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22 December 2020CopyrightMuireann Bolger

US Congress bill unveils controversial IP changes

A $2.3 trillion spending bill passed by the  US Congress yesterday will see sweeping changes to US IP law, including a controversial new law that makes unauthorised commercial streaming of copyrighted material a felony.

The coronavirus relief bill, which provides for $900 million in economic relief from the COVID-19 pandemic and $1.4 trillion in federal spending, will also see the creation of a small claims court at the US copyright office, and the alteration of trademark and patent procedures—proposals that significantly expand the rights and powers of IP owners.

Controversial implications for streamers

In a far-reaching measure, the bill stipulates that large-scale streaming services that provide unauthorised access to copyrighted material could face penalties of up to 10 years in prison.

Sponsors of the bill wanted to close a "loophole" that held that while reproducing and distributing copyrighted works is a felony, streaming them is only a misdemeanour.

Lead sponsor Senator Tillis said that the discrepancy is “particularly harmful to the US economy because streaming has become the most common form of criminal copyright infringement”.

Critics of the bill, such as consumer advocacy groups,  Electronic Frontier Foundation and  Fight for the Future, argue that the measure could fine ordinary internet users for engaging in everyday online behaviour such as sharing memes.

Evan Greer, deputy director of Fight for the Future, said in a  statement that the new measure was based on a “terribly written law that will threaten ordinary Internet users with huge fines for everyday online activity” and that it was “absurd that lawmakers included these provisions in a must-pass spending bill”.

Small copyright claims board

In a second far-reaching measure, the bill puts forward a lengthy proposal to set up a copyright claims board within the  US Copyright Office, to weigh in on disputes valued below $30,000.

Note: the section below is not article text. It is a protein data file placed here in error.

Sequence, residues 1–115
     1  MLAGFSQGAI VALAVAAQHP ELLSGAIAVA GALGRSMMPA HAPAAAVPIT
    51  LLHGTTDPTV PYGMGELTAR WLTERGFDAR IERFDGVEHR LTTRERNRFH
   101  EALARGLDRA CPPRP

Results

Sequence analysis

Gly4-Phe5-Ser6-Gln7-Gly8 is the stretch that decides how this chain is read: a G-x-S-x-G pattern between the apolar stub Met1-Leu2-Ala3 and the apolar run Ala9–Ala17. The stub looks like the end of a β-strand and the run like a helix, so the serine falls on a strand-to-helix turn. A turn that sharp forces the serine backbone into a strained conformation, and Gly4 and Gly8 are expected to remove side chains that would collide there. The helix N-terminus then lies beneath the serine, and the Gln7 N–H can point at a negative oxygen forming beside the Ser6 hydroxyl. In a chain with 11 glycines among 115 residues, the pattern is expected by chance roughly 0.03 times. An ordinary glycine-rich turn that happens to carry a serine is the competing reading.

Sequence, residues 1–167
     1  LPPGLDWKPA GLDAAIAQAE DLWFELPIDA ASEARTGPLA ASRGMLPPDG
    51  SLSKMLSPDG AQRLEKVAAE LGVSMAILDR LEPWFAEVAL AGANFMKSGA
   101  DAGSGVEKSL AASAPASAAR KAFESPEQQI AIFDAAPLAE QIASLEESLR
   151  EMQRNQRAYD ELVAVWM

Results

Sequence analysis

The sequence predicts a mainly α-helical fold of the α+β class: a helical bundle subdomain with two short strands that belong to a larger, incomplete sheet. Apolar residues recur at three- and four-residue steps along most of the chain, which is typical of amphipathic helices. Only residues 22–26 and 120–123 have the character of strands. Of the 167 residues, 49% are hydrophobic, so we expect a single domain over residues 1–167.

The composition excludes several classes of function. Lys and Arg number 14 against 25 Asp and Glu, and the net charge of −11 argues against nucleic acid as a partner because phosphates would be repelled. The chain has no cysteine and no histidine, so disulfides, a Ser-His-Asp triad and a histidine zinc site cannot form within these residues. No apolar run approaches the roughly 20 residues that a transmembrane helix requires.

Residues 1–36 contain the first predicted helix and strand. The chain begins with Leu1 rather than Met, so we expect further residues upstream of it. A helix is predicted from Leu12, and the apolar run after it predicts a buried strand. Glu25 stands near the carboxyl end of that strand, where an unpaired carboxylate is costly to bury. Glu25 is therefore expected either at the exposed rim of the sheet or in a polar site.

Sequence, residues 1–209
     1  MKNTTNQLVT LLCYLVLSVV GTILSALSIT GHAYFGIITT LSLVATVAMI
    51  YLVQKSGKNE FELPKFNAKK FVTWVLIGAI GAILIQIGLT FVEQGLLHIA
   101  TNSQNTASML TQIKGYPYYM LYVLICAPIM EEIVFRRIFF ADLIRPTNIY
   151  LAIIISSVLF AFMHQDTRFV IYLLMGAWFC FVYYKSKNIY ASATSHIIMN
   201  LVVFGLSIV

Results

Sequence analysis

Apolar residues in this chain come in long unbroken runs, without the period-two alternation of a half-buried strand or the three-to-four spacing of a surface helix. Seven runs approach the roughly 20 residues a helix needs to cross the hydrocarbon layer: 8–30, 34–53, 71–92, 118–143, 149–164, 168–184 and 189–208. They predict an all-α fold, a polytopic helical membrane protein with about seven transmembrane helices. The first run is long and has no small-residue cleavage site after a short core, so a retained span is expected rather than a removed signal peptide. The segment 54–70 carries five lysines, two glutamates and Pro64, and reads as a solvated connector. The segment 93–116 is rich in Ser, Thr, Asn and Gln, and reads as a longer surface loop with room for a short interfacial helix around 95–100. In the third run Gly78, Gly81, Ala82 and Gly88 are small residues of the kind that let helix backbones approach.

The move comes after the  Copyright Alternative in Small-Claims Enforcement Act of 2020, held that litigation in federal courts is too costly for many copyright holders and that a panel within the copyright office would be more appropriate to manage such claims.

According to the bill, the cases before the board will have damages capped at $15,000 per claim or $30,000 for the entire case. This approach will also allow for remote participation without an attorney, according to proponents of the measure, including Senator Tillis.

However, a group of 18 organisations, including tech trade groups, advocacy organisations and multiple library associations, have expressed concerns that these procedures could be abused by copyright trolls or used to silence free speech.

These groups  claimed that the proposals could “have negative impacts on small and medium-sized businesses, creators, libraries and their patrons, students, teachers, educational institutions, religious institutions, fan communities, internet users, and free expression,” in a letter first reported by  Protocol earlier this month.

Changes to trademark law

The spending bill also includes the  Trademark Modernization Act, which creates a process to challenge issued trademarks. The bill permits people to file petitions arguing that a mark has never been used in commerce in connection with the goods and services listed in the registration and that they should be removed or reexamined.

Under the new stipulation, third parties can submit evidence during the trademark examination giving reasons as to why the application should be refused.

Other changes to trademark law will allow the director of the  US. Patent and Trademark Office "the authority to reconsider, and modify or set aside, a decision of the Trademark Trial and Appeal Board”. This measure has been rolled out to protect the board from the type of  constitutional challenge it presently faces in  US v Arthrex (2020).

The Act also enables a plaintiff in a trademark case to rebut a presumption of irreparable harm upon a finding of infringement when seeking a permanent injunction. Courts have previously held that trademark owners are not entitled to such a presumption, according to Supreme Court case law.

Finally, the bill includes changes to patent law that were passed by the Senate earlier this month, requiring the  US Food and Drug Administration's Purple Book, which provides information about biologic drugs, to include more information about patents.

Approved by the Senate by a vote of 92-6 shortly before midnight last night, after passing the House 359-53 earlier in the evening, the bill will now go to President Trump for his signature.

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